ORWELL MONEGROS PROJECT

ORWELL MONEGROS PROJECT

A PROJECT BY BURNINGMAX

CDAN Huesca: The Wound Stays Open Until the End of Summer 2017

by | Jul 1, 2017

The site-specific intervention Homenaje a Aragón, an art installation designed for a month-long exhibition at the CDAN Museum in Huesca, has been invited to join the latest CDAN exhibition El borde de una herida” (#BordeHerida), and will remain prominently featured at the Huesca museum until the end of the summer, with new closing date on September 16th 2017.

I’m very happy that my work keeps getting exposure for the entire summer, also because Homenaje a Aragón is an ephemeral project that, once the exhibition will closes, will disappear to merge with the main installation at George Orwell’s Spanish Civil War trenches in the Monegros, Homenaje a Los Monegros. The land art installation dedicated to George Orwell will be then finally completed, thanks to the add-on of the final 2 tons of red gravel now used for the CDAN installation. The industrially painted red gravel will help secure a bit more longevity to the installation in the trenches, which is now “live” with a temporary red painting that will fade off before the end of the year.

The invitation to leave the installation at the Huesca museum for 3 more months came from Juan Guardiola, the Director of CDAN / Fundacion Beulas, when the previous one-month exhibition was over. It turned out that Homenaje a Aragón is very popular within the public, and many visitors very often use the installation as “selfie spot” at the museum.

Homenaje a Aragón was conceptually matching the previous CDAN exhibition topic (Index Natura), as an extension of the land art piece in the Orwell trenches. The violence of war – men against men, and against nature – was expressed as a stream of blood flowing across the museum spaces, virtually surging from the wound created on the territory, in men and in society by the Spanish Civil War. Now, with CDAN’s summer exhibition topic El Borde de una Herida (#BordeHerida), the installation is even more spot-on.

Besides the obvious visual interpretation of a blood red wound in the museum, also placed in a prominent position across the museum hall – dominating the entire space and yet at a border created by the terrace and the stairway of the CDAN structure – the conceptual “adaptation” of the red gravel installation now matches even more the exhibition topic.

El Borde de una Herida refers to the current ongoing human, social, political and ethical crisis of migrations and refugees, specially those who cross the Gibraltar channel to enter the EU through Spain. #BordeHerida explores the migration scenario from the point of view of citizenship rights versus immigration laws, and the impact on topics such as internal colonialism and sovereignty, as well as social, political and civil rights.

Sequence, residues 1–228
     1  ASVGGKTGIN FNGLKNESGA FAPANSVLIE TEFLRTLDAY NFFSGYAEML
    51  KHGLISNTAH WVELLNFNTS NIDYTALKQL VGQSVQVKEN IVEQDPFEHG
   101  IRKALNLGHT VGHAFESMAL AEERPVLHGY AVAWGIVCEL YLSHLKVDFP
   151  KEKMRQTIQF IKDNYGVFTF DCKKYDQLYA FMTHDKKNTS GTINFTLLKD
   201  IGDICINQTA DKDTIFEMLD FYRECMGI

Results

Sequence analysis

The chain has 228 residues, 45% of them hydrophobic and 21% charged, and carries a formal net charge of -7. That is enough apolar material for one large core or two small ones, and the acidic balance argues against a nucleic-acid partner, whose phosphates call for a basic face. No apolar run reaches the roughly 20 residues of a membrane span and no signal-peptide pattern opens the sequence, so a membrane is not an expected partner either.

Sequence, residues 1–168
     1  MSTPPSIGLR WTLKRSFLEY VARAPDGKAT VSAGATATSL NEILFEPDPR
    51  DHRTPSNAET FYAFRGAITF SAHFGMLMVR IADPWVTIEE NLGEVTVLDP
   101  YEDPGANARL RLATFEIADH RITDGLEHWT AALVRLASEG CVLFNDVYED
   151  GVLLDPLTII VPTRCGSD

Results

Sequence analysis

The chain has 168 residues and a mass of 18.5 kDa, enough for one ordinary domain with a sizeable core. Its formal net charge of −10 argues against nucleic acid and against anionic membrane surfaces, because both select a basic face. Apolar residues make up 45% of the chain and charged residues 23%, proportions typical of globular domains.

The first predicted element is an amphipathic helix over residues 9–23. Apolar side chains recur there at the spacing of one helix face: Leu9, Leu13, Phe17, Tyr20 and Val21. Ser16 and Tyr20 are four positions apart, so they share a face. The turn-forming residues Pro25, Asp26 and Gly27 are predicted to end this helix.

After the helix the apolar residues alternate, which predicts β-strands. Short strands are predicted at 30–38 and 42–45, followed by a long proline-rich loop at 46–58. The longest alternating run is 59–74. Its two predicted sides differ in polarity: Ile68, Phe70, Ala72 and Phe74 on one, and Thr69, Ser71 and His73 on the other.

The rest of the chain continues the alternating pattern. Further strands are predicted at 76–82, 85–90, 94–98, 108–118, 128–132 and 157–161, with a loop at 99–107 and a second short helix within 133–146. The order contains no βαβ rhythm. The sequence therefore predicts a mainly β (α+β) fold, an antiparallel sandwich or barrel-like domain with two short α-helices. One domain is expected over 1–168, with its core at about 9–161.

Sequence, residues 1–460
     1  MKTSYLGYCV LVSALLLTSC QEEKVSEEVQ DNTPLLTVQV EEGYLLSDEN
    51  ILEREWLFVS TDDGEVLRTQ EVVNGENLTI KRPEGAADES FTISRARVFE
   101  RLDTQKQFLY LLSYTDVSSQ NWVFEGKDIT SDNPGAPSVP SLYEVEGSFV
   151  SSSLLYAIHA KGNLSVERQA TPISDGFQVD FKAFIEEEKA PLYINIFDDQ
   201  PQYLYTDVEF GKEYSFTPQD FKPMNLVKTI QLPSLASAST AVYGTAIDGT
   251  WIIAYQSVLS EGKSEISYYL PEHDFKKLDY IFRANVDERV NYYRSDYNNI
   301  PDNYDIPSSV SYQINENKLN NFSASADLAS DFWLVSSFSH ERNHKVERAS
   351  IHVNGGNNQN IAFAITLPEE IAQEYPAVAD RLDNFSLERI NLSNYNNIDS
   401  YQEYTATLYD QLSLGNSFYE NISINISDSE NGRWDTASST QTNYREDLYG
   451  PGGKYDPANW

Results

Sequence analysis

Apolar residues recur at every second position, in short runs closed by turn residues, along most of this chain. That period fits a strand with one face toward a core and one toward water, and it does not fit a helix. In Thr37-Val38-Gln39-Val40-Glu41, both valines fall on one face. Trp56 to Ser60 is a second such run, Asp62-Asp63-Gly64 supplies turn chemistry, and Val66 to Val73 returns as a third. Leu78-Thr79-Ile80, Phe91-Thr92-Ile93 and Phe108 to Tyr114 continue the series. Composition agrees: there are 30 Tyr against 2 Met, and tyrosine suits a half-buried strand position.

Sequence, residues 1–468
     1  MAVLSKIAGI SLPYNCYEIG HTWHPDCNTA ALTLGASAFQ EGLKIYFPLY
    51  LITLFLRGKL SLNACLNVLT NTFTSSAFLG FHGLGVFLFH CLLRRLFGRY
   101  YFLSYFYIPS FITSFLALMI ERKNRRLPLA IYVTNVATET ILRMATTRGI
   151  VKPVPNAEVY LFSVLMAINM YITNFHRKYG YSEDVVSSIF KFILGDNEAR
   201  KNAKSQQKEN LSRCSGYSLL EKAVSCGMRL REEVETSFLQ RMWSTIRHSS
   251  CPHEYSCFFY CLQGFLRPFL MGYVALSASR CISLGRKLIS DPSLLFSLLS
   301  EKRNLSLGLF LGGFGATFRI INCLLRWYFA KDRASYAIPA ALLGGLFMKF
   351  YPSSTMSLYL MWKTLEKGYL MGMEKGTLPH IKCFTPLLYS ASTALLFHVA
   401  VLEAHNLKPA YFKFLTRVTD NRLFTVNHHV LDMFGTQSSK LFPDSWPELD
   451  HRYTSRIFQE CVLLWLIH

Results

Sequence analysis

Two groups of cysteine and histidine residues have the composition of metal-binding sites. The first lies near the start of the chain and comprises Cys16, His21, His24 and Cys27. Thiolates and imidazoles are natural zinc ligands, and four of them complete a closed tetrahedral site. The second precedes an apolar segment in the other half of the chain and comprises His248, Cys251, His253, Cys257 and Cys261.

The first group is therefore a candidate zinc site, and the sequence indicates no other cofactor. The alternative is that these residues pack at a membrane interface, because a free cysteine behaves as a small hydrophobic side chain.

While the artists participating to #BordeHerida focus on the political and geographical border of the Gibraltar Channel, Homenaje a Aragón moved the border up north, where the debate has been created, and invites to reflect again on the human, social, political and geographic internal frontiers that the Spanish War created 80 years ago, whose wounds are still open today, specially in places that have been exposed to the atrocities of the civil war such as Aragón.

The invitation not to forget the horror of war – all of the wars, including those that are happening around the world right now – is subliminal, so not everybody gets it, specially those too concentrated in getting the perfect selfie out of the red gravel installation. But this is Ok, it’s part of the “pop” approach to today’s contemporary art. Unwanted from the artist (in most cases), but built upon the original intentions by the public. It has happened to me before, with a previous land art installation, always in The Monegros, that I created on the flank of a hill for the Nowhere festival in 2008. The name of the installation was “Magnetic Dream Field”, but everybody called it “Alien Transceiver Station” or “Alien Rocks” – you can see some picture of it at the Nowhere Art Archives.

I must admit that I took a few selfies at CDAN too – both with my installation and with Mar Negro, an impressive installation work by the Spanish artist Carlos Aire that occupies the exhibition room next to the hall with hundreds of colourful pieces of wood gathered on a beach near Cadiz call “the cemetery of immigrants boats”, as it’s the place where the sea currents bring all the remains of immigrants’ shipwrecks. Will it be considered “dark” the fact that I took a selfie while walking on the actual remains of a human tragedy? I hope not…

The installation Homenaje a Aragón will be featured at the CDAN museum in Huesca until September 16th 2017, so you have the entire summer to visit the museum and take a selfie or two! =)

The CDAN Museum / Fundación Beulas, a museum dedicated to land art, is also a very nice place to visit if you are traveling across the north of Spain, check out some of the pictures of the museum’s architecture from a previous blog post. The exhibition El Borde de una Herida is a very interesting, well curated – and shocking. An exhibition that really deserves a visit, and a few more selfies! Don’t miss it! Find more info on #BordeHerida and the exhibitions featured this summer at CDAN, including Homenaje a Aragón here.

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